MUNICH — At a mere 28 years old, Germany’s new indie queen Julia Jentsch is already a seasoned veteran of the festival and kudos circuit.
In 2004 she walked down the red carpet in Cannes for Hans Weingartner’s “The Edukators,” in which she played the female lead. Less than a year later she won the Silver Bear in Berlin for her portrayal of the famous young resistance fighter in Marc Rothemund’s “Sophie Scholl — The Final Days.”
The film was well received on her home turf and even captured the attention of American critics who gave the film a mixed reception but generally had praise for Jentsch’s interpretation of the tragic German heroine. “Julia Jentsch’s strong and graceful, quiet knockout of a performance is the film’s most potent weapon,” wrote Kenneth Turan of the Los Angeles Times, and Variety’s Derek Elley spotlighted her “ace performance” for giving the movie “a focused dramatic power.”
“Sophie Scholl” nabbed a foreign-language Oscar nomination and though the pic didn’t win, Jentsch was awarded best actress gong at the European and the German Film Awards.
Within a year Jentsch had turned into a household name in Germany.
“In the beginning, (I) found the sudden media interest quite difficult to handle,” says Jentsch. “It got so much I felt it was taking me away from work. But I realized that it’s necessary for the film. So the way I handle it now is that I made a decision for myself to promote the film (I’m in) rather than me as a person.”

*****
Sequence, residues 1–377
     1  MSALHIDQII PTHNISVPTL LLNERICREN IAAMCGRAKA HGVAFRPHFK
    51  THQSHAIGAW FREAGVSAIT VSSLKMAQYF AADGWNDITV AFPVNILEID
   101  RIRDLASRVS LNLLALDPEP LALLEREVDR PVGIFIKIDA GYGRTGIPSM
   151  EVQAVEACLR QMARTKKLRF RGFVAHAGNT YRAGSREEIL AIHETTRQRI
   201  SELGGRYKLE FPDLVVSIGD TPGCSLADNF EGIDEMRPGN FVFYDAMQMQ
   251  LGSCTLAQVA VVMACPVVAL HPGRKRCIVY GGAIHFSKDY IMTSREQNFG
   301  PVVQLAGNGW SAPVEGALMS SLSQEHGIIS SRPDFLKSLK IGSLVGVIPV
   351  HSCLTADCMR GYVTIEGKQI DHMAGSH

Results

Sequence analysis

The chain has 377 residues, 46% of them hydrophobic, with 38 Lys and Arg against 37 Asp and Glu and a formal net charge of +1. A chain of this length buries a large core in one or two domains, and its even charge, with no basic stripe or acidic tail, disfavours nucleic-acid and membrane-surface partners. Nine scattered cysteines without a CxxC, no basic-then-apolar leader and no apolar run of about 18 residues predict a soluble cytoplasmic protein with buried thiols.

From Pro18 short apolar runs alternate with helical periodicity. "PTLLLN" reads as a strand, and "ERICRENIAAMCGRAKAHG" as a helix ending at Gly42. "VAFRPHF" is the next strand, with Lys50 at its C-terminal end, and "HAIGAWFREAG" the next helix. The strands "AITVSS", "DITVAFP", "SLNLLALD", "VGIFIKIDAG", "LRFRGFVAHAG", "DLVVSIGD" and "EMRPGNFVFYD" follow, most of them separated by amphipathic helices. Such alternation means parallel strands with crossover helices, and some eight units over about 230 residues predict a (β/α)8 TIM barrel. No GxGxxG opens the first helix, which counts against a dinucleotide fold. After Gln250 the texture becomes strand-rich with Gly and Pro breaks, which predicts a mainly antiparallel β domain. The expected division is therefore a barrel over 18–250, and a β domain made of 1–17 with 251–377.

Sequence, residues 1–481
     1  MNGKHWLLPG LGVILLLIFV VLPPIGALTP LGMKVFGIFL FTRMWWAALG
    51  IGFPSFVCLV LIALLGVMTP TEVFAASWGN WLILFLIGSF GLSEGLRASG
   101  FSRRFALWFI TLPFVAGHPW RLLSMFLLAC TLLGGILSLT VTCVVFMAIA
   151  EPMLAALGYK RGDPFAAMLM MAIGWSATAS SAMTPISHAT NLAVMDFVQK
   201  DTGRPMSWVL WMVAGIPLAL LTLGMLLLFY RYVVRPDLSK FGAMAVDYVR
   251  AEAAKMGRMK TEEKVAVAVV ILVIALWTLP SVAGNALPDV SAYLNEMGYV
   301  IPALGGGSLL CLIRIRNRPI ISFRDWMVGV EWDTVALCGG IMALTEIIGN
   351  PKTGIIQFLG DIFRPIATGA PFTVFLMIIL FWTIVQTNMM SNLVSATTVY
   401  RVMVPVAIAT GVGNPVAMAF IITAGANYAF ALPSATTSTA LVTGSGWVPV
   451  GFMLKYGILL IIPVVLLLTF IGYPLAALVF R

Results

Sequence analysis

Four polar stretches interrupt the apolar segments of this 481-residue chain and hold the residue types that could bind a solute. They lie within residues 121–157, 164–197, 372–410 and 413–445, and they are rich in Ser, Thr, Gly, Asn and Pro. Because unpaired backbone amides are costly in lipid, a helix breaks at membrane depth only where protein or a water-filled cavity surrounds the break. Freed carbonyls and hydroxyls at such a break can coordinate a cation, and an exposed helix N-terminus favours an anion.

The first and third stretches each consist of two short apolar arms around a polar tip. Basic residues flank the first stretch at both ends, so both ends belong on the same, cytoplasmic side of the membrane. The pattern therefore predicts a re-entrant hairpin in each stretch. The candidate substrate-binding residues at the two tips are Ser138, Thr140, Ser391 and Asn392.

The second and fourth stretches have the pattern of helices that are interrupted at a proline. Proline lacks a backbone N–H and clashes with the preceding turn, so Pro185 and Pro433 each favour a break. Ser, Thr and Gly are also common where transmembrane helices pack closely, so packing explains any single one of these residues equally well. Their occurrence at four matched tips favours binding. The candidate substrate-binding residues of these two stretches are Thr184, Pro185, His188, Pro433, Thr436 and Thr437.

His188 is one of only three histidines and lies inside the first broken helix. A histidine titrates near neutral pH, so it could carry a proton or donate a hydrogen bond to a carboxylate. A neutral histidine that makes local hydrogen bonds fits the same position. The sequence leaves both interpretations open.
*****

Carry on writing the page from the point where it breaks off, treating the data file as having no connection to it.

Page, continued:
Although known primarily for her bigscreen work, Jentsch is not averse to tackling theater, and recently received excellent reviews for her Desdemona in the Munich Kammerspiele production of “Othello.”
Most recently Jentsch could be seen in the Czech-language pic, “I Served the King of England,” which screened in competish at this year’s Berlin fest.
For “I Served the King of England” Jentsch learned Czech and she will learn Polish for her upcoming role in “33 Scenes,” helmed by Malgorzata Szumowska (“Ono”).
“I love working in different countries and with people from different cultures,” she says. “It adds a whole layer to your experience.”
Jentsch just finished production on the Teuton version of the Richard Curtis-penned “The Girl in the Cafe.”
Later this year, however, she will play the eponymous Effie Briest, one of Germany’s most famous literary characters, in Hermine Huntgeburth’s adaptation of Theodor Fontane’s novel.
Claim to fame: “The Edukators,” “Sophie Scholl — The Final Days”
Career mantra: “Everything in life is sweetened by risk.”
Role model: David Bowie
What’s next: “Effie Briest,” helmed by Hermine Huntgeburth (“The White Massai”), produced by Gunther Rohrbach (“Das Boot”)